One of the oldest cities in North America, Québec City is the capital of the Canadian province of Québec. The name of the city, and by extension the province, comes from an Algonquin word, Kébec, which means “where the river narrows.” Québec is found at the junction of the Saint Lawrence and Saint-Charles rivers; which is also why it is considered a major Canadian port.
Québec City is the second-largest city in the province. Montreal is the largest, and is located about 150 miles southwest of the provincial capital.
Québec City’s population comprises almost half a million residents, while the metropolitan area is home to well over seven hundred thousand. Almost 95 per cent of these residents are French-speaking, with Anglophones making up only one and a half per cent of the population. Also, more than ninety per cent of citizens practice the Roman Catholic faith. This overwhelming majority accounts for the large number of beautifully designed churches in the region.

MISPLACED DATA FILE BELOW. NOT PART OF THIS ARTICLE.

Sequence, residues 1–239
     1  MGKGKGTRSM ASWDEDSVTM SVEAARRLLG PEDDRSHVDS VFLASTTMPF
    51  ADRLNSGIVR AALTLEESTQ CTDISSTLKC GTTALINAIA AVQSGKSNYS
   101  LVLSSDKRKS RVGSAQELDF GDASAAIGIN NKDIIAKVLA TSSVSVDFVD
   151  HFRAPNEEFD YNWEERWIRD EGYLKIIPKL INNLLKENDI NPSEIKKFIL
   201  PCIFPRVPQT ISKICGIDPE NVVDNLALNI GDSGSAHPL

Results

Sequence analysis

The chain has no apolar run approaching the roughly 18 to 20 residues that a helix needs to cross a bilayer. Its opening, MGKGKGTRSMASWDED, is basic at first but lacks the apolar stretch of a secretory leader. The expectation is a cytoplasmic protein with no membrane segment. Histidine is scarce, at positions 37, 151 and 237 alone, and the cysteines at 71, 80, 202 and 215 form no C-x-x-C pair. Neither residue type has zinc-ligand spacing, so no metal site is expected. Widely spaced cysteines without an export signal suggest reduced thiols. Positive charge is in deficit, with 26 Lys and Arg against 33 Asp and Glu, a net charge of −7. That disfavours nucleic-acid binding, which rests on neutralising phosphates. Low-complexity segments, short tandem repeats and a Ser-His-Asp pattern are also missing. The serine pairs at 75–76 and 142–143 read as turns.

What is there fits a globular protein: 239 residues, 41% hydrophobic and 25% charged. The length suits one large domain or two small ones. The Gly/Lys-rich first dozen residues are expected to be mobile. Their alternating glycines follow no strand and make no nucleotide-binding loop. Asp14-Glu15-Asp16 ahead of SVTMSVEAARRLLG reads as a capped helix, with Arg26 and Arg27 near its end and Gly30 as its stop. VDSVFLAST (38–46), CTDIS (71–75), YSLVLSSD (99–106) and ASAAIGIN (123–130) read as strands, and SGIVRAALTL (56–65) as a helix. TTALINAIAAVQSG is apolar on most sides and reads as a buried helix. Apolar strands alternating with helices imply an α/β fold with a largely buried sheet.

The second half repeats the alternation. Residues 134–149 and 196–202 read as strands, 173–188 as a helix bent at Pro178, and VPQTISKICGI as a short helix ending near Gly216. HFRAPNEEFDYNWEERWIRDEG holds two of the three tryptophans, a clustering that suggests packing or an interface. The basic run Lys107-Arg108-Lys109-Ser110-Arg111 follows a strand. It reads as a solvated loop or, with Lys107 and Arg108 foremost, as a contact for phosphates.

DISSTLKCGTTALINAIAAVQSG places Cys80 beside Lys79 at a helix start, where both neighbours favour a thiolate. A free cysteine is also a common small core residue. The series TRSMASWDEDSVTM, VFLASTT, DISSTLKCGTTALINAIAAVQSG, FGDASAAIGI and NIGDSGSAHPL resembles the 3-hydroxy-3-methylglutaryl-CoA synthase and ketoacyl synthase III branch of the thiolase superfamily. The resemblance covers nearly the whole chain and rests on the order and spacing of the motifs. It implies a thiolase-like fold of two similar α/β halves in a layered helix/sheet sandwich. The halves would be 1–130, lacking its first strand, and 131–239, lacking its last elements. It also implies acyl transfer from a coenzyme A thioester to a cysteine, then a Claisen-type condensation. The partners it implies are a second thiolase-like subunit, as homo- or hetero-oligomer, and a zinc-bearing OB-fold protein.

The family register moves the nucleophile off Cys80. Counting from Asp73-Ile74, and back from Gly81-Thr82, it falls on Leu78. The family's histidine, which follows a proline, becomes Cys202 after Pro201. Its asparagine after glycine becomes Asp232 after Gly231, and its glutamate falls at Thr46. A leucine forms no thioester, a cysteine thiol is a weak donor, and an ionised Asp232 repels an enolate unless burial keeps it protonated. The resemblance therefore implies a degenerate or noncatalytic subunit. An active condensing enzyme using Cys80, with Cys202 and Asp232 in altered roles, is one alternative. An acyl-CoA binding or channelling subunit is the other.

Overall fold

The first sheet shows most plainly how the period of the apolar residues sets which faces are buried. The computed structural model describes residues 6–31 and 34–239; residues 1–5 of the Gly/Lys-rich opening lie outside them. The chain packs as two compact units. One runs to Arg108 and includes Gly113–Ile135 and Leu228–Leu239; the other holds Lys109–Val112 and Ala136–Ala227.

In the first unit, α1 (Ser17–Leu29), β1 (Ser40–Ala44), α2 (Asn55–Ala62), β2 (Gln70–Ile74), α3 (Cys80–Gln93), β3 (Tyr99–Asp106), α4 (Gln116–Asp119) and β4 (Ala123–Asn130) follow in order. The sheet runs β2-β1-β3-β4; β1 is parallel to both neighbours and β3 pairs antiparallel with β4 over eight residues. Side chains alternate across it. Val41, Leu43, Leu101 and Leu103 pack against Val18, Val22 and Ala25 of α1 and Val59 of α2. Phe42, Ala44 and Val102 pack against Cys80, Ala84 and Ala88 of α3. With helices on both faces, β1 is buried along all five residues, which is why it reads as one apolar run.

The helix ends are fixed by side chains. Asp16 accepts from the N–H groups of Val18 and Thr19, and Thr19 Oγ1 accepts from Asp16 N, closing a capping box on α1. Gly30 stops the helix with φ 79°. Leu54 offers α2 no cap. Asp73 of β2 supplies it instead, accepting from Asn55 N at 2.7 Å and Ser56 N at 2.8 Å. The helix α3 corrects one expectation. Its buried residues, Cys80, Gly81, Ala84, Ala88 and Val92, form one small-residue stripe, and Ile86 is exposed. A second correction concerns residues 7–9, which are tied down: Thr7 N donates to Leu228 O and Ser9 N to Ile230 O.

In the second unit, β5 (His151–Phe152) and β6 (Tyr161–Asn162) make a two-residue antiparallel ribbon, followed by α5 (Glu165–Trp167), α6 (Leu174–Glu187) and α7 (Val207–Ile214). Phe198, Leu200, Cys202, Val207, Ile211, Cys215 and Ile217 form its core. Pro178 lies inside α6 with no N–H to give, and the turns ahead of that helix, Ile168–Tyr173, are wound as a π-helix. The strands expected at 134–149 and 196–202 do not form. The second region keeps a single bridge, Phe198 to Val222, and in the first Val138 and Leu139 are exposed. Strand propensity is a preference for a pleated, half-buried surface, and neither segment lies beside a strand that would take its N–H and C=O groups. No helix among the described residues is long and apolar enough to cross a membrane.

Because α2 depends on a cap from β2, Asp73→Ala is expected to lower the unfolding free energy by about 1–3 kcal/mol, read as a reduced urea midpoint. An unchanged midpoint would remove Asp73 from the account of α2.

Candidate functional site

Weather in Québec brings hot and humid summers, contrasted by snowy and cold winters. In fact, it is one of the snowiest cities in Canada, which is one of the reasons the Québec Winter Carnival was created. There are four quite distinct seasons in and around the city, with autumn showcasing spectacularly-colored foliage.
Celebrated in 2008, the 400th anniversary of Québec City brought an influx of tourists to the region, with tributes, celebrations and special events taking place throughout the area.
Tourism is an important industry in this area. The historic city center of Québec is a major tourist spot, and in 1985 was designated a UNESCO World Heritage site.
With its role as historic heart of the province, as well as stunning scenery and European flair, Québec City is a location not to be overlooked.